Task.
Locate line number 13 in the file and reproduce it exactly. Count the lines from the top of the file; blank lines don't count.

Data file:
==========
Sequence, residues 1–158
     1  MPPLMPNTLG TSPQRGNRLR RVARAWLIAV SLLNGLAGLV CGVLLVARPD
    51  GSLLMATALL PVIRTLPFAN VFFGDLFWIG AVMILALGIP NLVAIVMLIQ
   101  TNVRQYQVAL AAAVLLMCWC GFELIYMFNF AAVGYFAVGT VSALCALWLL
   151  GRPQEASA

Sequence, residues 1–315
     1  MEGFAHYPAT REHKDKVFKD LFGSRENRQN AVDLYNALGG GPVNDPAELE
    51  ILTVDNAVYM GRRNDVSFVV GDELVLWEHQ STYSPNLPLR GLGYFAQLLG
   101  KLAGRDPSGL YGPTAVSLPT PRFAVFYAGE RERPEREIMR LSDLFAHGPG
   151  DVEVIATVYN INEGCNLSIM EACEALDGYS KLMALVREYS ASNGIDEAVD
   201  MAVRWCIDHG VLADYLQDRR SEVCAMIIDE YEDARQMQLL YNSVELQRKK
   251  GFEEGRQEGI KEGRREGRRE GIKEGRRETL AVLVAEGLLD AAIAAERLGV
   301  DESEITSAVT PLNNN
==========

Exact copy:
   301  DESEITSAVT PLNNN